“I don’t know,” my father said, looking down from where he would sit nightly at the edge of the bed as I prepared for sleep, a ritual throughout my childhood. It was one of the most significant conversations I ever had, but I cannot remember the question I asked him. I only remember that I was asking a question about church, which I did often, and those three words: “I don’t know.”
The end of the day was when I asked questions, especially about faith. Why isn’t everyone a Christian? Where do we go when we die? Why do we do a confession every week? I wish I could remember more, my childhood questions and his answers. I wish I could download them, ready for me to transmit to my own children someday. But I remember only snippets; I remember few of the answers, but especially that one.
“I don’t know.” Those words could be said in so many different tones, could carry so many meanings: I don’t know, leave me alone. I don’t know! Stop asking me. But I remember my father’s words being weightier and gentler: I don’t know. I don’t have all the answers. I don’t know. I am only human.
It is a strange phrase to remember, given the solidity of my church upbringing. I went to church and Sunday school every week. And every night my parents would pray with me. That night when my father told me he didn’t know, we prayed. We read a book. And I knew we would go to church on Sunday, as we did every week.
I still chew on that moment now, as a young adult, wondering why those words have accompanied me through years of showing up at church, of walks on Sunday mornings instead of worship, of coming back through church doors. What would it have meant to have gone without them? What if my parents had never admitted “I don’t know?” in those few moments before prayer? I would have learned that faith meant certainty, that faith didn’t leave room for what we don’t know.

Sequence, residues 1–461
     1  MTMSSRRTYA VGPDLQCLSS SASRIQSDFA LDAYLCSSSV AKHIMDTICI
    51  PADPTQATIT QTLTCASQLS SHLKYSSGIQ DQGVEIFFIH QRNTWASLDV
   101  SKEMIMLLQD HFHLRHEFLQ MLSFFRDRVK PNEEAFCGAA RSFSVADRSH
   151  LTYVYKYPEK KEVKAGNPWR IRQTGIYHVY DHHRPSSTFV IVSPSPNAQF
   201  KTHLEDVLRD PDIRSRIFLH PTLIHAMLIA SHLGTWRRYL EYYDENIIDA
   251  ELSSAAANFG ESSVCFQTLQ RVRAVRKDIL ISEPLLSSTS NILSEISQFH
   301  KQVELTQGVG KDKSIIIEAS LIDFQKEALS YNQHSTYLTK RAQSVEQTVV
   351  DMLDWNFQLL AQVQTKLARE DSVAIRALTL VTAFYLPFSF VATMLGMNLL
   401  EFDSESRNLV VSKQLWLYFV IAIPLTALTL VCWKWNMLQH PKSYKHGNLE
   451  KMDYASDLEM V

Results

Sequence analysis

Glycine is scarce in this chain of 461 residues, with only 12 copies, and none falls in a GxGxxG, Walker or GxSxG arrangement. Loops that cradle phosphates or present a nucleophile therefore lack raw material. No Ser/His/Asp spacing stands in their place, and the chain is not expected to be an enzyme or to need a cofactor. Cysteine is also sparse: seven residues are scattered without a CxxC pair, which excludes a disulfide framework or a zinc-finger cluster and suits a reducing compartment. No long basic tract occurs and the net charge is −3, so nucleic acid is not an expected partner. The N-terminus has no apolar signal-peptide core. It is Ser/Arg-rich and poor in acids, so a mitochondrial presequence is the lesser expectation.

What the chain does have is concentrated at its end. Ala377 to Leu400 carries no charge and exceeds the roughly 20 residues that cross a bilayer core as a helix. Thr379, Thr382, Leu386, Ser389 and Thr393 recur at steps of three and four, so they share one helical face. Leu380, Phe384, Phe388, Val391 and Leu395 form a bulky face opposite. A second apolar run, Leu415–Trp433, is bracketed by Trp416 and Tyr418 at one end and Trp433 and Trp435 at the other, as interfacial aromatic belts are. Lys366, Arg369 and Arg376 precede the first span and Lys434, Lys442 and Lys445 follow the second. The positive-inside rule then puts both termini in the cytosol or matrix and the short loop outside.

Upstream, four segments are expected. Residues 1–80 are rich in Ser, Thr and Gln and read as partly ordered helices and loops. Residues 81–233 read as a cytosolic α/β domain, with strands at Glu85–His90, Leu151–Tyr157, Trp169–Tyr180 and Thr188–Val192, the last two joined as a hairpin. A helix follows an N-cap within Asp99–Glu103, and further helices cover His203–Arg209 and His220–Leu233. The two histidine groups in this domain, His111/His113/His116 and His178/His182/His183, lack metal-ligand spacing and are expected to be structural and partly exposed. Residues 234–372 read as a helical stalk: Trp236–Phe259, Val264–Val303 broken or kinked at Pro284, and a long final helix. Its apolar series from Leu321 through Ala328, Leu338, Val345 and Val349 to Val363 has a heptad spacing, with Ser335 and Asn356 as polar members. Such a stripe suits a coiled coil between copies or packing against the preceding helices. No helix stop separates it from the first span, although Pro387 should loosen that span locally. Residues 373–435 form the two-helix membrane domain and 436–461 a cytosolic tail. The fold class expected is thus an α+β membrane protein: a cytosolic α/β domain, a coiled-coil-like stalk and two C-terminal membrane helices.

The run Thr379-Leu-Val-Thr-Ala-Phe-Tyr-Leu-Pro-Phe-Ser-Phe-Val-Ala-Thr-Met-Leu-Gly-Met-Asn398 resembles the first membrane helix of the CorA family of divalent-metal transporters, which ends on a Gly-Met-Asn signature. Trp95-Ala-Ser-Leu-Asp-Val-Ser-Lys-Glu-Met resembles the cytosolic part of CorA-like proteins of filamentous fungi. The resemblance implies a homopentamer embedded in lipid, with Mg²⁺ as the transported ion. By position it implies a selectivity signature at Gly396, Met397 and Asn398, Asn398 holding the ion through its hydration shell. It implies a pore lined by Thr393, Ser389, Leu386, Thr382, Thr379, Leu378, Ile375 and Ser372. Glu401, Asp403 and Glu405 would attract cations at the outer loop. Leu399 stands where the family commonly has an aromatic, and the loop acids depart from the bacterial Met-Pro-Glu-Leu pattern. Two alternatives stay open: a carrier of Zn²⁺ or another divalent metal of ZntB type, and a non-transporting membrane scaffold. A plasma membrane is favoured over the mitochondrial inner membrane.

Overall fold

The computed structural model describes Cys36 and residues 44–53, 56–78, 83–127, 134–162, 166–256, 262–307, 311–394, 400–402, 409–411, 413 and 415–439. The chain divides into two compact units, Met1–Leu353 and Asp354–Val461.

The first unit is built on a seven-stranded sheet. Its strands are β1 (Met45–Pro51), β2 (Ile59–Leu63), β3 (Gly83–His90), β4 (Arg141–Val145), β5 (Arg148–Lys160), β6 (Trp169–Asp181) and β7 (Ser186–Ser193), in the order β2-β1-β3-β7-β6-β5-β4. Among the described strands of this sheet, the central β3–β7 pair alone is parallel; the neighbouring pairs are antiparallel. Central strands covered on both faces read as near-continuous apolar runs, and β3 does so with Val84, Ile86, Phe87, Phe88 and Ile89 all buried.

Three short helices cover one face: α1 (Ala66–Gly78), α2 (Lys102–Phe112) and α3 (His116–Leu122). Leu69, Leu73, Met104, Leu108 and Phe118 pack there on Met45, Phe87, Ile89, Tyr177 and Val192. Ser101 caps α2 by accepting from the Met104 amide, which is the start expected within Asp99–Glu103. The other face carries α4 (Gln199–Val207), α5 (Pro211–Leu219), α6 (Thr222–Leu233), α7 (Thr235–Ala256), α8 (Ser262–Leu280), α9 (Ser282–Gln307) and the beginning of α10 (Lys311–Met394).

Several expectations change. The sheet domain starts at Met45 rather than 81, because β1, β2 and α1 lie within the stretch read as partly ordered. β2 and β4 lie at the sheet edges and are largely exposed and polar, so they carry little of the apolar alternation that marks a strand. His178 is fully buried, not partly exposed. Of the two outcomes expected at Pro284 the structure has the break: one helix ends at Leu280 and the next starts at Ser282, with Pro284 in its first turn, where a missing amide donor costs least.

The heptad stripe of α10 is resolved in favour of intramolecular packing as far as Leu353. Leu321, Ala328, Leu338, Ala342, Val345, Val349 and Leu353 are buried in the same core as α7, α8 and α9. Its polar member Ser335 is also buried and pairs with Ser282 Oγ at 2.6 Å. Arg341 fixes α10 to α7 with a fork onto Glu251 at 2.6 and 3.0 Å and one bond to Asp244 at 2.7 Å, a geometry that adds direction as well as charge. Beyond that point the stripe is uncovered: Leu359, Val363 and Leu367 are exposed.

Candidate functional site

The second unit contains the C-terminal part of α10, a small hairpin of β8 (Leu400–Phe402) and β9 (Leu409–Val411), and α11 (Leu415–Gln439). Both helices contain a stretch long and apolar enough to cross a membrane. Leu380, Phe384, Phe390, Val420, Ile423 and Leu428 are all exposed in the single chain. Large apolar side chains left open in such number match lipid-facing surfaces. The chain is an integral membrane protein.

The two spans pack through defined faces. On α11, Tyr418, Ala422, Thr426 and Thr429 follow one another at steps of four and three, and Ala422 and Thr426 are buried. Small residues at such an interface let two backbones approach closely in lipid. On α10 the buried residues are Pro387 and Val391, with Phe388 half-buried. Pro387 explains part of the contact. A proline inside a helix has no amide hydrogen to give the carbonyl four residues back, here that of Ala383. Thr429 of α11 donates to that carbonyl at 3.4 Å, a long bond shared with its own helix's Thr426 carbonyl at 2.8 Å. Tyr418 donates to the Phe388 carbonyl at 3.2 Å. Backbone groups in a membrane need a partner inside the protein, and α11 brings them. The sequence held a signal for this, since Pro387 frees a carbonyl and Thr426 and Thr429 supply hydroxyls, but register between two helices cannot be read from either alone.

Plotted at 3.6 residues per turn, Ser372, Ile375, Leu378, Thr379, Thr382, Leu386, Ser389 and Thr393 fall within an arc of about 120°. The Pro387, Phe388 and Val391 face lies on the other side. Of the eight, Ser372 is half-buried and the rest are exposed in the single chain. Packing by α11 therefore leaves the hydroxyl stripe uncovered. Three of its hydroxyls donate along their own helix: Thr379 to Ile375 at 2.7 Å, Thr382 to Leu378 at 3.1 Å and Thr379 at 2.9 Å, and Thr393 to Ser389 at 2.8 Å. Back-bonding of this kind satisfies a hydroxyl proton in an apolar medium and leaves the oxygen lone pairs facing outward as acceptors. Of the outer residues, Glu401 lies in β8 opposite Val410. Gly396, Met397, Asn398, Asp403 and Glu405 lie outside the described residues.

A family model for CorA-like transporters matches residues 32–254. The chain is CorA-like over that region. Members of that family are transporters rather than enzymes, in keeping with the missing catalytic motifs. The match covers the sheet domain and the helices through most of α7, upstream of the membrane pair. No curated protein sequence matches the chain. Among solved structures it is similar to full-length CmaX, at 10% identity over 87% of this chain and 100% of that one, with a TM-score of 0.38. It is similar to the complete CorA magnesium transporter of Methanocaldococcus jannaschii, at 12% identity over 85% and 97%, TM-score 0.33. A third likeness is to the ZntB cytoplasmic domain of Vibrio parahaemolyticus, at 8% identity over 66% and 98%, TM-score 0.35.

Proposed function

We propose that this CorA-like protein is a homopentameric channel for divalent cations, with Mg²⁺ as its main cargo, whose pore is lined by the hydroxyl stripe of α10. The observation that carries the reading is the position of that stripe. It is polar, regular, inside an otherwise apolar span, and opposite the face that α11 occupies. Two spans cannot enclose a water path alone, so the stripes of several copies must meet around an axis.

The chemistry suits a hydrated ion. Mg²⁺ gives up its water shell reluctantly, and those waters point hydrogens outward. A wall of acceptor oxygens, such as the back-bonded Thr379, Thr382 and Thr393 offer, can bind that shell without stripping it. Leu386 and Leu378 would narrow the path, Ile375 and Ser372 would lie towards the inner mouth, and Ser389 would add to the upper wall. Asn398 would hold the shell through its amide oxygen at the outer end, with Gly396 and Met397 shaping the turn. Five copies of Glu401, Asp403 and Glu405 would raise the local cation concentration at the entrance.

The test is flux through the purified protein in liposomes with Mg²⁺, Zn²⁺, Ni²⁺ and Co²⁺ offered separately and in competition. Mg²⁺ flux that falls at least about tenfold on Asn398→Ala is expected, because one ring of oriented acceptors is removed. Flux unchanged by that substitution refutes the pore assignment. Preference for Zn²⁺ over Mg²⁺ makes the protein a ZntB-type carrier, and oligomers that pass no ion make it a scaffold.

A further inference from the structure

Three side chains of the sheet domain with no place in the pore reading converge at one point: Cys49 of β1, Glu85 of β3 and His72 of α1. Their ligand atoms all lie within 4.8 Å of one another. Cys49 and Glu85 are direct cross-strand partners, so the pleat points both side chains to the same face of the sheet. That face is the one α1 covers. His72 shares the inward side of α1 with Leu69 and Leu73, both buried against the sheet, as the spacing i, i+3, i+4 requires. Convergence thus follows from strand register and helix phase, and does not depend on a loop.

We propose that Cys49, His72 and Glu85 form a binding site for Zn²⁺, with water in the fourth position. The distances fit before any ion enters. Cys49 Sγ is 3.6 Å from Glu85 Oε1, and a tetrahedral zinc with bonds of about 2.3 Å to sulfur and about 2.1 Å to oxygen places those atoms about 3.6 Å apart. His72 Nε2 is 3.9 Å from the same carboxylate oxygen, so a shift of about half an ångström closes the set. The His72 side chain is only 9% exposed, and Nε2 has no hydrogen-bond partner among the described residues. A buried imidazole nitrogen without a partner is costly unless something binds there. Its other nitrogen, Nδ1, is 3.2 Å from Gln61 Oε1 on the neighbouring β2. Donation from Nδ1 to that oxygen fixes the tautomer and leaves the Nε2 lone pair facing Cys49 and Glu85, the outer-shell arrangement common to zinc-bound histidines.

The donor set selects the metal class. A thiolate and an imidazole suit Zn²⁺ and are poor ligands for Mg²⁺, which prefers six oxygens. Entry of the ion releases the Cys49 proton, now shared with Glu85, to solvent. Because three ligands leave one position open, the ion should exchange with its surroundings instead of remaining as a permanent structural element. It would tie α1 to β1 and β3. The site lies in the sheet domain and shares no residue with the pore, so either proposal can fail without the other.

But I have also come to realize that the answer my father gave me was important only as part of something larger. That conversation happened before a nightly ritual of prayer, continuing to talk to God, day after day. Perhaps it is because of that foundation that I remember those words so clearly. The “I don’t know” didn’t mean we stopped praying. Nothing fell away with it; it simply existed alongside our daily practice. The practice, and not only the conversation, is why I remember that conversation as one of the most significant in my life. With it, I learned that faith could have room for doubt. That sometimes we admit what we do not know, and then it is time for prayer.
This essay is part of a series of reflections on conversations that left an impact on the authors’ lives. You can read the rest of the essays here. The collection also appears in the January 2019 issue of U.S. Catholic (Vol. 84, No. 1, pp. 28–33).
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